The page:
For me there are only two absolutely crucial miracles in Christianity, and they’re interlinked – the Incarnation and the Resurrection of Christ.
In the first, God enters space-time and history and takes on our human nature, ‘humanising’ the deity. In the second, he ‘deifies’ our humanity, conquering death and lifting up humanity into the divine and imperishable nature. ‘God became man that man might become God’, as someone clever somewhat controversially put it. (Athanasius, Google tells me.)
For me, the Incarnation of Christ is the core of what Christmas is about spiritually. It’s not about whether there was a real star of Bethlehem, or an actual stable, or why Matthew and Luke’s accounts are so different – interesting though all these things are. It’s not even necessarily about the Virgin Birth, important though that is. For it is possible (in theory at least) to have the Incarnation without the Virgin Birth.
So what is the Incarnation about and why did God do it?
Getting down and dirty
In the Incarnation, God puts his money where his mouth is. He doesn’t stand on the sidelines calling orders and instructions; he enters into our mess and takes it on himself. To misquote Tom Wright, God rolls up his sleeves and gets his hands dirty (or even bloody) and his boots messy.
God is no aloof sovereign or absentee landlord; he gets right in amongst the soil and muck of his creation. It’s how a true parent trains their children. It’s the demonstration of his care. ‘For God so loved the world…’
Prophets and priests could at best point us to God and his law, and admonish us for our failures. Only the Incarnate God could actually show us God, could be God to us and with us. And at the same time only God in human form could give us a model of perfect humanity to look to and follow. Only he could model true worship, true prayer, true love, true goodness, true faith, true sacrifice – and this is precisely what Jesus did.
In all this, Jesus is the true Israel; he is what Israel was always meant to be and does what Israel was meant to do. In his own bodily life he represents the temple of God’s presence; he acts as priest, as intercessor and mediator between God and man; he perfectly fulfils the divine-human covenant.
Redeeming human nature
There’s an argument that only by becoming or taking on ‘flesh’ – earthly human nature – could God redeem and ultimately glorify our nature. Again, only by God becoming human can humans become divine, or Christlike.
So depending on your theology of the atonement, only the perfect human could offer the perfect sacrifice (I’d prefer ‘make the perfect self-offering’) on behalf of humanity. Or only the perfect human could perfectly fulfil the requirements of the divine law and covenant. By doing so in his own person, Christ becomes our righteousness. He becomes the model, source and foundation of a new kind of humanity – a perfected, liberated, renewed kind, filled with God’s imperishable life. And we who are ‘in’ him become part of this new humanity.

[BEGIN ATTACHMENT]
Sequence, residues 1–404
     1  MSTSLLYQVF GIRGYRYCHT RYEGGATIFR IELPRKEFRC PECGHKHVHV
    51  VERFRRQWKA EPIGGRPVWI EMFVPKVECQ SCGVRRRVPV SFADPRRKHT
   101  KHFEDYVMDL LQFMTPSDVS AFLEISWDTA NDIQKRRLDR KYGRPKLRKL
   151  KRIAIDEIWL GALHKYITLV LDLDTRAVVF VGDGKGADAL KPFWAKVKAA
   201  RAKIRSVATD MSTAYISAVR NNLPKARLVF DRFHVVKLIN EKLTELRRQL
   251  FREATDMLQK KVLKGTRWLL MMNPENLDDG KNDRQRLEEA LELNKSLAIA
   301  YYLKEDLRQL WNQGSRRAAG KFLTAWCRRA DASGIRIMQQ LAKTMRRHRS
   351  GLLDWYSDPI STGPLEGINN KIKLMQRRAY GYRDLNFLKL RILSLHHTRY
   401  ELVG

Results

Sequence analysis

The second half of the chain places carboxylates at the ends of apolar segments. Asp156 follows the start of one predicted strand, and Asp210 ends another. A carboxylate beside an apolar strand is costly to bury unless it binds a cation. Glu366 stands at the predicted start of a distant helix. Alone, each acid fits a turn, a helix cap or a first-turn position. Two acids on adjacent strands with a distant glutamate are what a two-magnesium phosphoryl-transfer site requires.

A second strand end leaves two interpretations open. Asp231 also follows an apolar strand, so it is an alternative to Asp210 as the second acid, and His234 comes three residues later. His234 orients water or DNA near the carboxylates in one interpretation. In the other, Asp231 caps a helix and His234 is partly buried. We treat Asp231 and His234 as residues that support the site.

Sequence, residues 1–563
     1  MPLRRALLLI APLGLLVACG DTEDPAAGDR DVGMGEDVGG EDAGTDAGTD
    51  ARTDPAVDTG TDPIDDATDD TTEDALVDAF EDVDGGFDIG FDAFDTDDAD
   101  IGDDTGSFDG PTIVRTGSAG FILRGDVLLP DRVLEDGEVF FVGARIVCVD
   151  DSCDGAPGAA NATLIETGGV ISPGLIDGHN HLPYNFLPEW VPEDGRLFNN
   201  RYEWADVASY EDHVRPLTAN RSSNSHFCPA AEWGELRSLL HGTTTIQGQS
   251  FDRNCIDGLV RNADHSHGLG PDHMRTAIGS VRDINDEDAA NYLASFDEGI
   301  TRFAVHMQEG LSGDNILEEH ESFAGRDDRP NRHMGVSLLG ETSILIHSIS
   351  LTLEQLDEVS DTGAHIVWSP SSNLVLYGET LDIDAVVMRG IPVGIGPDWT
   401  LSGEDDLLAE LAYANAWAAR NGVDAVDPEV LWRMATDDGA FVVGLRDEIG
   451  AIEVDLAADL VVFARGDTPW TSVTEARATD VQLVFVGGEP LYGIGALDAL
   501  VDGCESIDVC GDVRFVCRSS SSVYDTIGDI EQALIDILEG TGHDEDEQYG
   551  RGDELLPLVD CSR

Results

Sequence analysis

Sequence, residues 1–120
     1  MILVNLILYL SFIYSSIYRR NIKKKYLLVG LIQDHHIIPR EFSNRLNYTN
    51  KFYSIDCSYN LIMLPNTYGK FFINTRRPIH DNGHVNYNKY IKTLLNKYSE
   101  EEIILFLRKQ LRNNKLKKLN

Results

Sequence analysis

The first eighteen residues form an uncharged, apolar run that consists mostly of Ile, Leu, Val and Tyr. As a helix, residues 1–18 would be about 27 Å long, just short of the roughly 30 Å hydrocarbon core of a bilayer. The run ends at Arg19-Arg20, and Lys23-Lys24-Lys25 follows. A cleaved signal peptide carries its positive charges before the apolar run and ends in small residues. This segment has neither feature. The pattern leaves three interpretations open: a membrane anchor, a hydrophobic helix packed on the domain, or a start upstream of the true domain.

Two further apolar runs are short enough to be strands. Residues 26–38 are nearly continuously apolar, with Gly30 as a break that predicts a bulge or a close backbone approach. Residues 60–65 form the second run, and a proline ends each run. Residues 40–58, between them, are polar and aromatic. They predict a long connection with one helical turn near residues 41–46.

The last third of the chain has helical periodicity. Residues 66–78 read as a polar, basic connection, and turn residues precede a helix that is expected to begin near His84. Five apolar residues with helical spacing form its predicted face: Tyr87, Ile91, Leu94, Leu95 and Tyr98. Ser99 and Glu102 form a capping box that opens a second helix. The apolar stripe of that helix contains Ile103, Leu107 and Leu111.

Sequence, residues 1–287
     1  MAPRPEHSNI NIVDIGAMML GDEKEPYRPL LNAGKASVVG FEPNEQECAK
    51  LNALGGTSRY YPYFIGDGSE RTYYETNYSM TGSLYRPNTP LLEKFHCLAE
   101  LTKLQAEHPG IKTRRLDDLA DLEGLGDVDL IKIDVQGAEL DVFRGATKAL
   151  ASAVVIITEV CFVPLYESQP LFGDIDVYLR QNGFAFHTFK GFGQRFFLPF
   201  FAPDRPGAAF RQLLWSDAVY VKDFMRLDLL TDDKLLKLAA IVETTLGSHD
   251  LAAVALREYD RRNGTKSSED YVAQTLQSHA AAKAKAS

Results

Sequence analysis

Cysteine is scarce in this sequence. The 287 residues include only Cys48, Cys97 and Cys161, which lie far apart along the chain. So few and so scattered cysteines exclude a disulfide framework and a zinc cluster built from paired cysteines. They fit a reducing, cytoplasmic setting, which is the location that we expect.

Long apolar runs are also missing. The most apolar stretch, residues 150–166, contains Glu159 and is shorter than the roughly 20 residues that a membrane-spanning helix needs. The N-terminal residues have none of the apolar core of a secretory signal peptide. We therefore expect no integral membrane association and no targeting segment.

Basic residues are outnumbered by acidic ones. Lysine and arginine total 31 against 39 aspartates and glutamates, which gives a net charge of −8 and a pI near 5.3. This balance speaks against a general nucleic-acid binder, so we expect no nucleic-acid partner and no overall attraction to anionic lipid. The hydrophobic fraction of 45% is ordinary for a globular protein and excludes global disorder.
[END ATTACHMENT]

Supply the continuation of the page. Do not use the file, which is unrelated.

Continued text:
Some argue that God could have forgiven and redeemed us without becoming us. I’m not sure. But either way, this is the way he apparently chose to do it. He chose the way of relationship, of love, of presence, of active involvement. That just seems to be how God prefers to work.
But did God ‘need’ to become human in order to understand what it’s really like to be human? Some have suggested so. I’m not convinced; I imagine God already had a pretty good understanding of the human condition.
But they do say there’s no substitute for direct experience… And of course there’s that verse in Hebrews about having a great high priest, Jesus, who fully understands our condition, having experienced it for himself: “For we do not have a high priest who is unable to feel sympathy for our weaknesses, but we have one who has been tempted in every way, just as we are – yet he did not sin” (Heb 4:15).
Or what then of the contrary idea that God was already human-like before the incarnation, and that human nature is not utterly alien to God (apart from sin)? Right at the outset in Genesis we’re told that God makes us in his image and likeness, a favour he does not apparently bestow on whales or cats or trees or even chimps.
So it seems there is something inherent in humanity, in us, that uniquely reflects and responds to God. There is a correspondence, a likeness, an affinity. It’s not full or total; we’re not fully gods. And it’s marred and blurred by sin, by the ‘fallen’ or unperfected elements of human nature. Nonetheless, when God does become human there’s something right and natural about it, which would arguably not be the case were he to become a gerbera or a gerbil.
‘The glory of God is humanity fully alive’ as my favourite early theologian Irenaeus may or may not have said. Or to put it another way, God is most God when humans are most human; is most himself when we are most ourselves.
But I don’t think the main point of incarnation is for God to understand humanity. I think it’s about him identifying himself with humanity – which is where I’ll start next time…